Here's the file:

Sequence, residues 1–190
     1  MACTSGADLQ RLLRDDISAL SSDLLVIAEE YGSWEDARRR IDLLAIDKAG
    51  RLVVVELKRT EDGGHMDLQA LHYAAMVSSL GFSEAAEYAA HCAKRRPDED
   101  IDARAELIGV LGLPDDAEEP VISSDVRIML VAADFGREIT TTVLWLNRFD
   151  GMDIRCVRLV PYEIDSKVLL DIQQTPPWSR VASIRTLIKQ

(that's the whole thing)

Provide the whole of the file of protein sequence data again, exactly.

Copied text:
Sequence, residues 1–190
     1  MACTSGADLQ RLLRDDISAL SSDLLVIAEE YGSWEDARRR IDLLAIDKAG
    51  RLVVVELKRT EDGGHMDLQA LHYAAMVSSL GFSEAAEYAA HCAKRRPDED
   101  IDARAELIGV LGLPDDAEEP VISSDVRIML VAADFGREIT TTVLWLNRFD
   151  GMDIRCVRLV PYEIDSKVLL DIQQTPPWSR VASIRTLIKQ